Find Your Car, Charge You Phone

Find Your Car, Charge You Phone

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As a motorist in today’s high-tech age, you are faced with two problems, one almost as old as the automobile itself, the other created by the mobile devices you love to have ready to connect you to the world when you are on the road.

(William Cresswell Flickr Photo)

Problem number one: Where did I park my car? I forget!

Problem number two: When I’m away from AC power outlets, or a computer, how do I recharge the battery in my smartphone or tablet?

A product called ZUS is designed to solve both of those problems.

ZUS, which in its highly successful crowdfunding campaign billed itself as “The Truly Smart Car Charger & Car Locator,” is about the size of, and replaces, your car’s cigarette lighter.

Mobile Device Charging

The mobile charging function works simply enough: Just plug a cable (not supplied with the ZUS) that has one end that fits into the charging slot on your mobile device and another that has a USB connector, into one of the two USB ports on the ZUS.

ZUS claims that it will charge your mobile device’s battery about twice as fast as normal car chargers. I wasn’t able to verify that since neither my phone’s battery nor that in the Mophie Juice Pack Air supplemental battery case I use with the phone had been depleted much, but the ZUS did seem to “top off” the battery fairly quickly.

If you have both a smartphone and a tablet with you, or two smartphones, you can charge both at once while you’re getting your kicks on Route 66 or any other street or highway.

 Find My Car

Before plugging your ZUS into your car’s cigarette lighter outlet, download and install the free ZUS Smart Car Locator app to your smartphone from Apple’s iTunes App Store or Google Play.

You’ll have to create a ZUS account using either an e-mail address and password, or by logging into your Facebook account, which the manufacturer says “is necessary for us to be able to identify crash reports or bug reports being sent by the app. Additionally, future updates of ZUS will include cloud support which will allow you to share your location to other phones/devices.”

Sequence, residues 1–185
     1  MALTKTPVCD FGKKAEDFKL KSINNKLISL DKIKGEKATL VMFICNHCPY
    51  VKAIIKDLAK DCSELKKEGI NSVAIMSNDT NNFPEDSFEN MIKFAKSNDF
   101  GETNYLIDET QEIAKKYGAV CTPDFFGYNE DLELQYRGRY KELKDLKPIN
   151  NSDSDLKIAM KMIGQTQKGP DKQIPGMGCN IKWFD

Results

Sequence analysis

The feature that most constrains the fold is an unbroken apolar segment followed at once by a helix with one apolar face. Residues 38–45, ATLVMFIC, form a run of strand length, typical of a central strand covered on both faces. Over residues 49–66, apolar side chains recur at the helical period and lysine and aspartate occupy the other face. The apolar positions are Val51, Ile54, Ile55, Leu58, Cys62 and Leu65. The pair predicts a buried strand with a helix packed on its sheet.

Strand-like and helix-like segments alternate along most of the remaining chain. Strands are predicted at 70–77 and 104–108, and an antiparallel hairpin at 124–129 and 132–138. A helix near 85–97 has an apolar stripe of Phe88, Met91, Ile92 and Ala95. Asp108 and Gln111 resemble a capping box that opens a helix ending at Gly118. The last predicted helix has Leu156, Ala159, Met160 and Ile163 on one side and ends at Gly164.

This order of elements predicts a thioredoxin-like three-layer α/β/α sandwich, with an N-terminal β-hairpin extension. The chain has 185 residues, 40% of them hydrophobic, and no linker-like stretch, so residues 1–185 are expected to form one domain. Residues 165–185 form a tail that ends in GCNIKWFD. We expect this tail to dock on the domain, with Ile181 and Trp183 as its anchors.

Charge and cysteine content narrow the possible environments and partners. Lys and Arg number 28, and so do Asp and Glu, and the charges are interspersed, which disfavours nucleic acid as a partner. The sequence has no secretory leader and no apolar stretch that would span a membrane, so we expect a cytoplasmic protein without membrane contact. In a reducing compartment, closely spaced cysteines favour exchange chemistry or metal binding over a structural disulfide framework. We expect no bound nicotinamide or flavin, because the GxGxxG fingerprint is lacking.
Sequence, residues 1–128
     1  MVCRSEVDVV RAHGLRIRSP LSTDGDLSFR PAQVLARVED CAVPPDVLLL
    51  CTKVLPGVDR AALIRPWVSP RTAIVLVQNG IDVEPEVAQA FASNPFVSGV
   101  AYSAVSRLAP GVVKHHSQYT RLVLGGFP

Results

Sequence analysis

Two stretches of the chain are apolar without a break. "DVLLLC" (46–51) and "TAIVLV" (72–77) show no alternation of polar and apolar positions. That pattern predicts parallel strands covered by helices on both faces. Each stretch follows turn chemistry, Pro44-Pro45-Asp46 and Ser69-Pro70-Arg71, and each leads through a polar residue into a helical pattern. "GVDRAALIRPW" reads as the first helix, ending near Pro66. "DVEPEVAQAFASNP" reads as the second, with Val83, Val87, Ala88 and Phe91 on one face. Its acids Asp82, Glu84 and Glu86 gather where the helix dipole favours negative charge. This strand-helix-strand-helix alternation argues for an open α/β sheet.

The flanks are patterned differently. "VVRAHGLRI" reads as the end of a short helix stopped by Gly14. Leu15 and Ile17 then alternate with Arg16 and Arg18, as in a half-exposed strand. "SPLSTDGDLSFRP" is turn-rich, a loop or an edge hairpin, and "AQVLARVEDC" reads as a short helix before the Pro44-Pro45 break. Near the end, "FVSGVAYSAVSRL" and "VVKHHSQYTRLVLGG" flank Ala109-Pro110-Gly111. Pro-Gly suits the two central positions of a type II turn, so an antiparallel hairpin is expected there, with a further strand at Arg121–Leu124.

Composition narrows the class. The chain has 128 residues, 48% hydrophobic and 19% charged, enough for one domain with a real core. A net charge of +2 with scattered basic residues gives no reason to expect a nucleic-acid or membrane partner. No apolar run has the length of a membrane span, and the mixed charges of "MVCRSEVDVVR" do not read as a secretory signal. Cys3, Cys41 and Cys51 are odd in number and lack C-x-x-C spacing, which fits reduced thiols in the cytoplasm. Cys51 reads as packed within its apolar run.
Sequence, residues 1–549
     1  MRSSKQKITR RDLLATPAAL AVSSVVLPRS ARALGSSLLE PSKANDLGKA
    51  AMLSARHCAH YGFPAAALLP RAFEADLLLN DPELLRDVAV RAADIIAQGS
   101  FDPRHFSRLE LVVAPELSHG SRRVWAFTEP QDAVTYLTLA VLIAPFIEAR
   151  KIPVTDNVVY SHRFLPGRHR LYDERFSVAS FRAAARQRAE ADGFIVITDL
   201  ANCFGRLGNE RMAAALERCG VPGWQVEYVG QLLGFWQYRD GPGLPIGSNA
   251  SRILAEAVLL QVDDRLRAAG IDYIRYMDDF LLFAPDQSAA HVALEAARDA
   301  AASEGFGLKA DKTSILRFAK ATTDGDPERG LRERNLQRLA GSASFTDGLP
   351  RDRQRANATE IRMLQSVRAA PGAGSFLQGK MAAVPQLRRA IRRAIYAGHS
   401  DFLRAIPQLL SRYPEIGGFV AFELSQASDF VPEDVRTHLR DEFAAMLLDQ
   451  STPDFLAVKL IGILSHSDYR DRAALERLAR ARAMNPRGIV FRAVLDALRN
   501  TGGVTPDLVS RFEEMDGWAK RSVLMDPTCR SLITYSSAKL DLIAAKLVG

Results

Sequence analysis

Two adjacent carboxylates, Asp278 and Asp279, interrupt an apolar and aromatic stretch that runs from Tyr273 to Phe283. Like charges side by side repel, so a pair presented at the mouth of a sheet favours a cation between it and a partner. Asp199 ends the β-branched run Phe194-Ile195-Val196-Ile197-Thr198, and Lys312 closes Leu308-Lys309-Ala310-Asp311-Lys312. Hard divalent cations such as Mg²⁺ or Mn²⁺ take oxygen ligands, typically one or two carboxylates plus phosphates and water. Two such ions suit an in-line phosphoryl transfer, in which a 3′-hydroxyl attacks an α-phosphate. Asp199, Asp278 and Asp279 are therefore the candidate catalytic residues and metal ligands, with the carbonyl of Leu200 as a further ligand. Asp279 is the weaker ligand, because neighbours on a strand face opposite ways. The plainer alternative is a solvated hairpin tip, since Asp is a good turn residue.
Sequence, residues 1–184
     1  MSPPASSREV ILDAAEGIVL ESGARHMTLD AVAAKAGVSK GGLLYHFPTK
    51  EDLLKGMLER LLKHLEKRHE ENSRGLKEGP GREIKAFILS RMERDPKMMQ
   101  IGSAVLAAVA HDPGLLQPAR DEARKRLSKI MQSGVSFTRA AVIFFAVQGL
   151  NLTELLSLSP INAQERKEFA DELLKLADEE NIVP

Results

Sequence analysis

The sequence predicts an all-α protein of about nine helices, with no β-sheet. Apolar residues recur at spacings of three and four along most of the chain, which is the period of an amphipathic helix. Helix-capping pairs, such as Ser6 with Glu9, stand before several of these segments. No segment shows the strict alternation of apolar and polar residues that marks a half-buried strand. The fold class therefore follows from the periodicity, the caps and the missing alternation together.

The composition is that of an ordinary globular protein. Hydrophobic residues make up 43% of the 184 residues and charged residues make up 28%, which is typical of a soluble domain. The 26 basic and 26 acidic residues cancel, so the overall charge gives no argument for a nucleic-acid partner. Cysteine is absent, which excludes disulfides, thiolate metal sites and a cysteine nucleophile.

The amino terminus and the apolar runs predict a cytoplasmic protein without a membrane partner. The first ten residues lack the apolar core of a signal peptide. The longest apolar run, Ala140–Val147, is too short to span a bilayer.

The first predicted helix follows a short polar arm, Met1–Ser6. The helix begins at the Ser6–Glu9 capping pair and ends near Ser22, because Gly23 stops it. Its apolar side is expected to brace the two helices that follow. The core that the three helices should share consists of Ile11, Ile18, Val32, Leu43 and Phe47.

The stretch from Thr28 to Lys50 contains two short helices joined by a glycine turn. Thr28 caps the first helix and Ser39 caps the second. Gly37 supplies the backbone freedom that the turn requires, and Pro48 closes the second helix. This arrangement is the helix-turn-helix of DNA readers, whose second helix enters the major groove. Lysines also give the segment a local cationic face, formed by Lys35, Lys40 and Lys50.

The type font on in the little user manual that comes with the ZUS is so small it’s almost unreadable. But that isn’t a problem because the smartphone app will walk you through the setup process when you first use it.

After you insert the ZUS device into your car’s cigarette lighter socket and start the car, the ZUS app will connect your phone to the device.

After you reach your destination, park your car, and turn off the engine, the ZUS app will ask you if you want to set a time limit for parking. So if you’ve parked at street meter and need to return to your car before the time on the meter expires, the ZUS app will alert you ten minutes before, and when, the time has run out.

The app will also tell you how long it has been since you parked the car, and if you set a parking time limit, it will display a countdown timer.

When you are ready to return to your car, launch the ZUS app if it was not already running in background, and it will tell you the distance to your car and direct you toward its location.

The app will point the way either with a compass-like display, or on a map with a blue “flashlight” aimed at an icon with the letter “P” next to a little car.

The app shows the distance decreasing as your walk toward your car, and if you use the map display, you’ll see the blue “flashlight” moving toward the car’s location.

ZUS won’t lead you right to the driver’s side door of your car, but when you are fairly close to it, the app’s display will tell you that your car is nearby, and you should be able to look around and see it.

In my first test of ZUS, I parked the car in my driveway, walked 150 feet away, and the app pointed me back to my car. Then I pulled the car into the garage, and went inside my house.

When I was indoors, the app told me that the garaged car was nearby within 30 feet, but that there was a poor GPS signal. Eventually the app stopped connecting to the ZUS device until I stepped out of my front door.

In a later test, I parked the car in large outdoor lot at a shopping mall. During lunch at a restaurant on the other side of the mall, the ZUS app still was able to show my car’s location and distance over 500 feet away from me.

The app’s FAQs says you may have problems inside buildings, or in lots surrounded by high buildings or in underground lots since the app uses the phone’s GPS and the signal in those locations may be poor. In a multi-level garage, you may have to remember which floor you parked on since the app can only tell horizontal and not vertical distances.

When I parked on the second floor of an above-ground downtown garage, the ZUS app told me that the GPS signal was too poor to record my location, and suggested that I take a photo of my surroundings. Tip: Take a photo of a sign that shows the floor and section of the garage and the app will store it with the other photos on your smartphone

Once I set up the app, it seemed to work automatically each time I drove the car.

If you have more than one car and want to purchase a ZUS device for each, you can easily add each new device to the ZUS app on your smartphone.

This promotional video shows how the ZUS works.

You can buy the $29.99 ZUS Smart Car Finder & USB Car Charger directly from the manufacturer or from

(The manufacturer provided Tales Told From The Road with a free ZUS device for testing for this review.)

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